Why Astroworld Is Gen Z’s Altamont

The deadly Travis Scott performance is reminiscent of the tragedy that occurred in 1969’s Rolling Stones-headlined Atlamont, where four deaths, multiple assaults and countless drug casualties occurred.

The night 9-year-old Ezra Blount became the latest fatality from a stampede of music fans at the Astroworld Festival in Houston, I received a text: “This is so insane.” The note came from a veteran concert promoter and included a picture of the smiling boy, who spent much of Nov. 5th watching the show from the shoulders of his dad until a deadly crowd surge. A moment later my phone rang.

“Everyone is so sad. There is nothing worse than this,” the promoter told me of his colleagues in the live music industry, asking to remain anonymous to discuss a tragedy that had now killed 10, with others still hospitalized. He was audibly upset and frustrated, the death of this child clearly pushing the disaster into a new category for him. “Where was the fire department? Where was Live Nation?”

And how could headliner Travis Scott continue performing for nearly 40 minutes before ending the concert while first responders worked to rescue the injured and dying? The delay was inexplicable. Promoters should be prepared to quickly stop a concert during an emergency: A calm announcement from the stage, or the lights go up with a forceful statement on the PA from “the voice of God” to stand back.

Photo by Erika Goldring/WireImage via Getty Images

That didn’t happen at Astroworld, now destined to be remembered as Gen Z’s own version of Altamont, the notorious 1969 free concert outside San Francisco headlined by the Rolling Stones (and policed by the Hell’s Angels) that resulted in four deaths, multiple assaults and countless drug casualties. List of Crimes That Was CompiledThe number of victims is more like the Who’s tragic 1979 tour stop in Cincinnati, Ohio, when a stampede of general admission concert-goers rushed into an arena and 11 were crushed to death. Likewise, Astroworld will haunt fans, artists and promoters for years as they again confront issues of safety and general admission policies at concerts designed to be both enjoyable and at times wildly intense live experiences.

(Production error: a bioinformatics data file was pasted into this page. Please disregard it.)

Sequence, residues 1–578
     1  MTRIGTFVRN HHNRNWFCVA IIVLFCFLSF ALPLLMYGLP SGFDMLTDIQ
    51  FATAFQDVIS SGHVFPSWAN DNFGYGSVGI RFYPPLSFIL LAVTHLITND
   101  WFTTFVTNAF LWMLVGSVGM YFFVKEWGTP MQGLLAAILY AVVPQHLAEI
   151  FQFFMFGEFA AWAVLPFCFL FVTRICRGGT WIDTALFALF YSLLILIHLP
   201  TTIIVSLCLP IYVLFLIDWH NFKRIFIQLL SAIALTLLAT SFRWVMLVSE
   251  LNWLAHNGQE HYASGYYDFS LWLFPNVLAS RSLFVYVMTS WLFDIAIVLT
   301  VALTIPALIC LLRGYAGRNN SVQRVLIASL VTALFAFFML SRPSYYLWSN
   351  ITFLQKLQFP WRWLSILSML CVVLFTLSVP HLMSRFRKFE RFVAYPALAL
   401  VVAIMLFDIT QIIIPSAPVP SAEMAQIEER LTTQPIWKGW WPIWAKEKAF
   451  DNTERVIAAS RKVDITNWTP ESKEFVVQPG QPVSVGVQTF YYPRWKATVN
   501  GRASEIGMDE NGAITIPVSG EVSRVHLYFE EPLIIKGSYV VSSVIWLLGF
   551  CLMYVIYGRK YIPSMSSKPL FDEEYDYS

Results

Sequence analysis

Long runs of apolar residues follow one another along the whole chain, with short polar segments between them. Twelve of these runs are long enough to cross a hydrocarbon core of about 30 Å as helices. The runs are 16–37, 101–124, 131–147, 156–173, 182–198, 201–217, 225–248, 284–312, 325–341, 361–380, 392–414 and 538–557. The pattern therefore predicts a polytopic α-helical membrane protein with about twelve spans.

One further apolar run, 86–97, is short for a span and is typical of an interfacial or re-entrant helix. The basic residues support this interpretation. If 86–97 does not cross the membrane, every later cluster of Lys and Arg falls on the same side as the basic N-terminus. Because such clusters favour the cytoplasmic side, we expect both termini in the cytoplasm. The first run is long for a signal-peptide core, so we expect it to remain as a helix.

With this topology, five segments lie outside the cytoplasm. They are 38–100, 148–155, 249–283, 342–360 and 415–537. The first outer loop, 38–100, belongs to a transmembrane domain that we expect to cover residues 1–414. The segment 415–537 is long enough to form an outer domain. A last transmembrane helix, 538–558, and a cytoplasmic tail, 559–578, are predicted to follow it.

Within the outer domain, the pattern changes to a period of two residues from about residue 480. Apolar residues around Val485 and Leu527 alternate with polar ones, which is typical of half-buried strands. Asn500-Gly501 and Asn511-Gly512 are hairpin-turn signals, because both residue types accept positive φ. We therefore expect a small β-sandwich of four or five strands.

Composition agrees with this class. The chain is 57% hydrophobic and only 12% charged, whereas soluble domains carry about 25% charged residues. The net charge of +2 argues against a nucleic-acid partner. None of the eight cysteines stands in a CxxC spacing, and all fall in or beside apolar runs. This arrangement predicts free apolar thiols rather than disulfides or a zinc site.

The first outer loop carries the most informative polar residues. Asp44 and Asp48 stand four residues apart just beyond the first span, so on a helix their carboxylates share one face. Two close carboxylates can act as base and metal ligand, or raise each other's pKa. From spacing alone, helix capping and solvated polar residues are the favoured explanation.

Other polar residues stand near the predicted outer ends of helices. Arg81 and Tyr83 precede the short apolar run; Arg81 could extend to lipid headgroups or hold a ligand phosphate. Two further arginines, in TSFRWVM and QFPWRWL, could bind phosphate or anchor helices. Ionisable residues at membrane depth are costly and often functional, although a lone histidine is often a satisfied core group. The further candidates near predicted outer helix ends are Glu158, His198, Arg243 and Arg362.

In Astroworld’s immediate aftermath, horrified news anchors showed overhead footage of the sold-out crowd of 50,000. But the numbers were unremarkable compared to the larger U.S. festivals Coachella, Outside Lands and Lollapalooza, which unfold every year without serious incident. The size isn’t what matters, most concert professionals agree. “Sometimes 60,000 is harder to handle than 100,000,” says one longtime music manager. “It depends on the artist and key personnel being in the right place at the right time.”

The difference between the vast majority of safe, successful events and those marked by incompetence or profiteering can be felt immediately by experienced music fans. Beyond creating an awesome talent lineup, producing a large festival can be a complicated balance of comfort, security, disaster preparedness, backstage logistics and crowd control. Decisions from the layout of a venue to the price of water can make all the difference. “We can always improve, but at least 95% or more of these do a really good job,” says concert promoter Kevin Lyman, founder of the punk-themed Vans Warped Tour and now a fulltime professor at the USC Thornton School of Music. “We have hundreds of festivals in the United States now.”